With the intention to tag the fish, the boys worked hard and had a couple of near-opportunities close to the boat in the early hours of the fight. However, with the fish being stubborn and only two people on board, they could never quite get it close enough for a tag to be placed. It was late in the fight when Pete’s worst fears were realised – the fish was heading straight down and dying. An already-exhausted Dez got to work. Slowly but surely, they lifted the fish to the surface, and it was finally boated well into the evening. There was a very tired and sore angler on board, but he was still smiling! Although the plan was for the fish to be tagged, it wasn’t to be. It instead ended up in Pete’s own smoke house, the results of which are something the writer can attest to being quite spectacular.
Dez Meinhold with the first fish, a tagged and released striped marlin, caught during a remarkable day out west last month.
When Pete was telling this story, it was very clear that despite catching an excess of 25 blue marlin on the east coast on his old boat KNEECAPT, many of which were larger than this one, the west coast blue was by far the most memorable.
Having fished out of the Manukau for decades, to finally catch a blue marlin on your home patch is something special and I get the feeling it won’t be forgotten anytime soon.
There are many anglers who will be able to relate to the factors that make some of Pete’s memorable catches stand out. As mentioned, he has always pushed the boundaries and continues to do so. As a result, when a goal is realised, be it to catch the first or biggest of a species in an area, the sense of achievement can make the catch extremely special. However, Pete says that it is more often the company and sense of camaraderie that will make a catch stand out.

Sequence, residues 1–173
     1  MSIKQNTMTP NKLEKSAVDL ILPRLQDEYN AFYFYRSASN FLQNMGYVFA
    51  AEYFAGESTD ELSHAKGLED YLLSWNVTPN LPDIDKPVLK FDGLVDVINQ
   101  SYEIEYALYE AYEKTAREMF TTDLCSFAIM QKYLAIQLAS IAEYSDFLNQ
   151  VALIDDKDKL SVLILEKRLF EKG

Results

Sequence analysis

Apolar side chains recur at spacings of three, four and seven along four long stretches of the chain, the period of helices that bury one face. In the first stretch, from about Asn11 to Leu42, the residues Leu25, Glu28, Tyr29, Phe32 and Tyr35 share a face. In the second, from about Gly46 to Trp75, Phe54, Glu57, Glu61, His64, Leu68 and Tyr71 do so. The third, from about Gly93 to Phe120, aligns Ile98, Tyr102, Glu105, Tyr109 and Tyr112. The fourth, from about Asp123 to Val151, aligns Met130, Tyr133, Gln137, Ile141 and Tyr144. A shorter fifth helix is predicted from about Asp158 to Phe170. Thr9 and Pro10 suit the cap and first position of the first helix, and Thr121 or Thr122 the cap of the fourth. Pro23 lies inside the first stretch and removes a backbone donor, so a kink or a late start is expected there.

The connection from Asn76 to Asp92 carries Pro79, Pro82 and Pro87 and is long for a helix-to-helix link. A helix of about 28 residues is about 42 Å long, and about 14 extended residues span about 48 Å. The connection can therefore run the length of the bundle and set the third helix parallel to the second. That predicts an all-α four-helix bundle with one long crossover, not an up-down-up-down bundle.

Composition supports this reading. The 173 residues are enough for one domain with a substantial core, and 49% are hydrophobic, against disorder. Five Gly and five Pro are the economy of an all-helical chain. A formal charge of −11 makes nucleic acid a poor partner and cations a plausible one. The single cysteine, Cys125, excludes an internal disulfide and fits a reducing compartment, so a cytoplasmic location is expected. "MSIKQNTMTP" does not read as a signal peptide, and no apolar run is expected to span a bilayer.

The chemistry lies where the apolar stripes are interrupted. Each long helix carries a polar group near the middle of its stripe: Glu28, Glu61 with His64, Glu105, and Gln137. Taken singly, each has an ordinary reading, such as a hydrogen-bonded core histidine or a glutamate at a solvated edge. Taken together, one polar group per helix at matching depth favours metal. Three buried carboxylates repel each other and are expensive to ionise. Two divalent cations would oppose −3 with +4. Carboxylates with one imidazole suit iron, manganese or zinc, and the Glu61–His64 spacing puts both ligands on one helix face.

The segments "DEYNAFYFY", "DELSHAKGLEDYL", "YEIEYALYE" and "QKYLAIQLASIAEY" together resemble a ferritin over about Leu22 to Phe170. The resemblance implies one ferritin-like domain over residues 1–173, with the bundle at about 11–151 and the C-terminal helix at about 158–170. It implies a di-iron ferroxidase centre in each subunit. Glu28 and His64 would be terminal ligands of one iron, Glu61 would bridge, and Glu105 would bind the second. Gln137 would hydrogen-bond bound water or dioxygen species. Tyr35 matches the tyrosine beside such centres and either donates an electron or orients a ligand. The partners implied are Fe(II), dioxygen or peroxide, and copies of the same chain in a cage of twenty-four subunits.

It is not often these days that Pete winds the handle himself, instead electing to get the thrill through helping others fulfil their dreams, whether it be by catching a big bass, marlin or swordfish. There are too many names to mention but Pete has a group of good mates who have plenty of laughs along the way while catching some impressive fish. The biggest factor in making catches memorable though is family, and when you see the pictures of Pete’s wife Stacey and their boys Jed and Marshall on his image covered shed wall, the smiles say it all.